Rungway CEO, Julie Chakraverty, joined an Investment Association panel to share her thoughts in their Webinar: “COVID19, the new reality and risk management”. These are some of the key takeaways from that conversation.
SPOTTING TRENDS: HURDLES TO MANAGING RISK DURING THE COVID CRISIS
Financial Services firms have found themselves having to adapt fast and at scale in response to Covid 19. In the initial fire-fighting phase, it meant tackling practical challenges to get the technology in place for home-working. And then it meant turning focus to the human factor, and supporting colleagues to cope with their own individual hurdles.
But the transition has shown us there’s a need to adapt well-established risk management, conduct and control frameworks to ensure that dispersed staff are properly overseen and supported to maintain standards.
IDENTIFYING RISK HAS BECOME MORE DIFFICULT
While the regulator’s expectations for risk management haven’t changed, the backdrop against which people are assessing risk is constantly shifting. We haven’t really seen a scenario in our lifetimes where so many risk factors are all disrupted at once; market volatility, mass reliance on technology and increased use of personal devices, low consumer confidence and rapidly emerging regulatory priorities. We’re used to some of these factors being in play, but to have them – and many more – present all at the same time creates a unique environment for monitoring and managing risk.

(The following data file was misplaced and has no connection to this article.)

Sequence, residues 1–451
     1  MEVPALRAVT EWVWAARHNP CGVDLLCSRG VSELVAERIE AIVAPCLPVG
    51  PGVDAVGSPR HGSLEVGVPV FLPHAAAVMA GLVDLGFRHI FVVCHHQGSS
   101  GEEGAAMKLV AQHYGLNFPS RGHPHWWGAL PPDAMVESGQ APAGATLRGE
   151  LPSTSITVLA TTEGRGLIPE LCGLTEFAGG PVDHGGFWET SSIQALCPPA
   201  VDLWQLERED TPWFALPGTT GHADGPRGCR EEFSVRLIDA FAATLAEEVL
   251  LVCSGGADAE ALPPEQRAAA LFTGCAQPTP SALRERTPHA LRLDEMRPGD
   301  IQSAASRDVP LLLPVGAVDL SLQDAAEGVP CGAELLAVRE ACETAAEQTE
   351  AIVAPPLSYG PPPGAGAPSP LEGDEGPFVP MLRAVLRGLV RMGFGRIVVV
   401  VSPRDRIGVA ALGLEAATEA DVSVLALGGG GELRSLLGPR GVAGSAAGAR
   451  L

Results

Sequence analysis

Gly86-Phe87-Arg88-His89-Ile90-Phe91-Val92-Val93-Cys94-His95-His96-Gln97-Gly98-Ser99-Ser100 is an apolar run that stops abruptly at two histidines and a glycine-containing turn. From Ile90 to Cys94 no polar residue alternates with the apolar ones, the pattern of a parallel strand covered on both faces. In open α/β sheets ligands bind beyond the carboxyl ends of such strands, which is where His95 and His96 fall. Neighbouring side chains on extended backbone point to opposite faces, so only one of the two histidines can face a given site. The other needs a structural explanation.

This gives firms a new and urgent challenge to measure and understand whether their existing control frameworks are working appropriately for this new risk environment.
WE’RE MEASURING CONDUCT ON A NEW PLAYING FIELD
The increased personal pressures that go alongside working from home, economic uncertainty and health risks put an added strain on the expectations that firms have of the conduct of their employees. And those personal pressures vary from person to person, from day to day.
“When clients have run Rungway Pulses of their employee base, asking how they’re coping during Covid, there is no one impact… ‘up and down’ is the majority answer. We see a lot of posts around anxiety and mental health. For example, having to do multiple group video calls each day if you’re an introvert, looking at each other’s faces quite intently can be stressful and draining.
We have people saying, ‘I’m trading off of an ironing board in a filthy flat and I don’t know how to clean or cook’. Or, ‘I’m LGBT and live alone so I have no human contact all weekend’ There is a huge diversity of experiences amongst your workforce.” – Julie Chakraverty, Rungway
Add to this the explosion of new communications channels and technology that people have speedily adopted to facilitate dispersed home working, and the landscape in which we’re measuring conduct has changed altogether. People are using multiple channels and personal as well as professional devices to do their jobs and maintain connectivity with colleagues. So, firms need to take into account these external factors and ask themselves what effective oversight and control looks like for these new ways of working.
TACKLING THE CHALLENGES: BRING PEOPLE TOGETHER, EVEN IF THEY’RE WORKING APART
Be agile. Fixed plans and assumptions don’t apply well to our new environment. So, risk and control assessment need to keep rolling with the punches of the crisis, being agile, dynamic and informed by as much data as you can collect to be fit for purpose.